Tuesday, April 30, 2019

Declaration - Venice To Lose Another Landmark

Most people in Venice see the big "V" Mark di Suvero sculpture nearly every day since 2001 on their trips down to the beach. Declaration has been a meeting spot at the beach ever since, as you tell visitors and friends to meet you at the big metal V, as it's the biggest, easiest thing to find. This landmark is about to be taken away, according to an article in yesterday's New York Times.

The L.A. Louver represents di Suvero, who loaned the sculpture to the city of Los Angeles, in the hopes that the city would eventually acquire it permanently. The Louver paid for its installation and upkeep, and though the sculpture is valued at six million dollars today, they have tried to work out a reasonable deal for the city, but that hasn't happened. Obviously, there are much bigger problems in Venice today than losing a sculpture, but it would definitely be sad to see it go.

Donors ponied up a billion dollars in like one day to rebuild Notre Dame, and Venice is teeming with big money these days, judging by the McMansions and BUBs everywhere. Maybe one of those people can be a hero for once, and save something in Venice instead of destroying it. Or maybe the group of concerned citizens raising money to fight bridge and affordable housing could instead do something positive with their money? Just thoughts ... and hopes.

The move of Declaration back to di Suvero's Petaluma studio is meant to happen "by the end of this year," so there seems to still be time for donors and the City of L.A. (who make a ton of money off of Venice, by the way) to step up. Mark di Suvero is 85 years old, and having a new exhibit at the Louver May 1-June 8 ... (with a celebration on June 5 honoring him and the Venice Family Clinic) what a delight it would be to let him know in person that his Venice landmark will stay ... !

It would be a shame to see yet another symbol of the art and artists in Venice go away. Man.

Monday, April 29, 2019

Community Service Saturday!

This past Saturday was all about the Community in Venice. You can feel Summer's approach, and everyone was out and about doing their weekend thing. A few different groups were having events to continue to work on our sense of that community, and maybe grow a bit more empathy for each other while they were at it. The first stop (after coffee at The French Market, of course) was the Venice Community Housing Chalk Art Festival in the parking lot between North and South Venice on Pacific Avenue. I could hear drumming in the distance as I walked down Venice Boulevard, and it made me kick it up a notch, so I was practically race-walking to get there to see what was happening.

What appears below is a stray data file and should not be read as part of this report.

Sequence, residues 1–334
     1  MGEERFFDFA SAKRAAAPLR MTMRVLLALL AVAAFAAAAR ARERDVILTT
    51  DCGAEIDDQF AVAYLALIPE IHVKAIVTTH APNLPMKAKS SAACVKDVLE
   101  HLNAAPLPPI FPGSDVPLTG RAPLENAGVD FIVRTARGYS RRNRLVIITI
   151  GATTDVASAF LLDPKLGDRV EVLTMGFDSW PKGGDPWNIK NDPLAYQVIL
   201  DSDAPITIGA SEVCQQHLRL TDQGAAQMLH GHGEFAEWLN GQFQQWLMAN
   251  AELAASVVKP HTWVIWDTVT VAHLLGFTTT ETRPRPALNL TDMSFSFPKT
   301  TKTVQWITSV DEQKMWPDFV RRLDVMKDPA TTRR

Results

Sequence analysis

What was happening was a fantastic female drumming group called Bloco Obini, who were brightly dressed in African fabrics and banging their hearts out, watched over by the mural of Abbot Kinney - who I'm pretty sure would whole-heartedly approve. They were drumming next to the beautiful chalk mandala that Gary Palmer had created with kids and other members of the community at this event meant to bring awareness to trying to solve the homelessness problem. It also served to spotlight the fact that Venice is meant to be about ART (stay tuned for another awesome art situation Gary and I have in the works!) - at every level.

There was a giant chalk message spelling out "We Are All Venice" - Truth! - and that was also the message on the buttons that the VCH Arts Collective were handing out. Taylor Barnes was also there, creating a chalk Goddess of Venice, and it was all just lovely, and exactly what you want to see going down in Venice on the weekend ... Art plus FUN!

Next stop was the Ladies Jam contest at the Venice Skatepark, where big crowds surrounded the Skatepark to watch the girls have the place all to themselves - and they RIPPED.

It's mesmerizing and inspiring (and makes you super jealous) to watch the strong, talented ladies tear it up just as hard as the boys ... and more gracefully. Skater girls are the best, and it was a joy to see them all get their moment in the sun (and the clouds, but still!). The Skatepark is another gem that means the world to so many of the youth (and grownups too), that gives them their own sense of community, and keeps them out of real trouble. What a treasure!